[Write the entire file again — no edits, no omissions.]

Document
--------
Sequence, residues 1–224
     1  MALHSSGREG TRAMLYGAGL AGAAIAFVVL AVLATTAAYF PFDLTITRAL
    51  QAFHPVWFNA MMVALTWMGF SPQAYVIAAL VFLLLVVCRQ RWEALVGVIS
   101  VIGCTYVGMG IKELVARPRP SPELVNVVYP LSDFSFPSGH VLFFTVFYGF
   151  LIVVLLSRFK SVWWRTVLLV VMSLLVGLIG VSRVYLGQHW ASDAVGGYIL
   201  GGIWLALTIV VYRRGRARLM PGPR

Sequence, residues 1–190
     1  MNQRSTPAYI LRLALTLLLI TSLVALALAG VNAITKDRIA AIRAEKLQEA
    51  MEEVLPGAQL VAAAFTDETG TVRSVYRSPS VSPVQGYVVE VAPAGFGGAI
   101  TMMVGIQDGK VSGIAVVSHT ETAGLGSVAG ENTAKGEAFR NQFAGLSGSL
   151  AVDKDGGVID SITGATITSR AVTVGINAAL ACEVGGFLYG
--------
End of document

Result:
Sequence, residues 1–224
     1  MALHSSGREG TRAMLYGAGL AGAAIAFVVL AVLATTAAYF PFDLTITRAL
    51  QAFHPVWFNA MMVALTWMGF SPQAYVIAAL VFLLLVVCRQ RWEALVGVIS
   101  VIGCTYVGMG IKELVARPRP SPELVNVVYP LSDFSFPSGH VLFFTVFYGF
   151  LIVVLLSRFK SVWWRTVLLV VMSLLVGLIG VSRVYLGQHW ASDAVGGYIL
   201  GGIWLALTIV VYRRGRARLM PGPR

Sequence, residues 1–190
     1  MNQRSTPAYI LRLALTLLLI TSLVALALAG VNAITKDRIA AIRAEKLQEA
    51  MEEVLPGAQL VAAAFTDETG TVRSVYRSPS VSPVQGYVVE VAPAGFGGAI
   101  TMMVGIQDGK VSGIAVVSHT ETAGLGSVAG ENTAKGEAFR NQFAGLSGSL
   151  AVDKDGGVID SITGATITSR AVTVGINAAL ACEVGGFLYG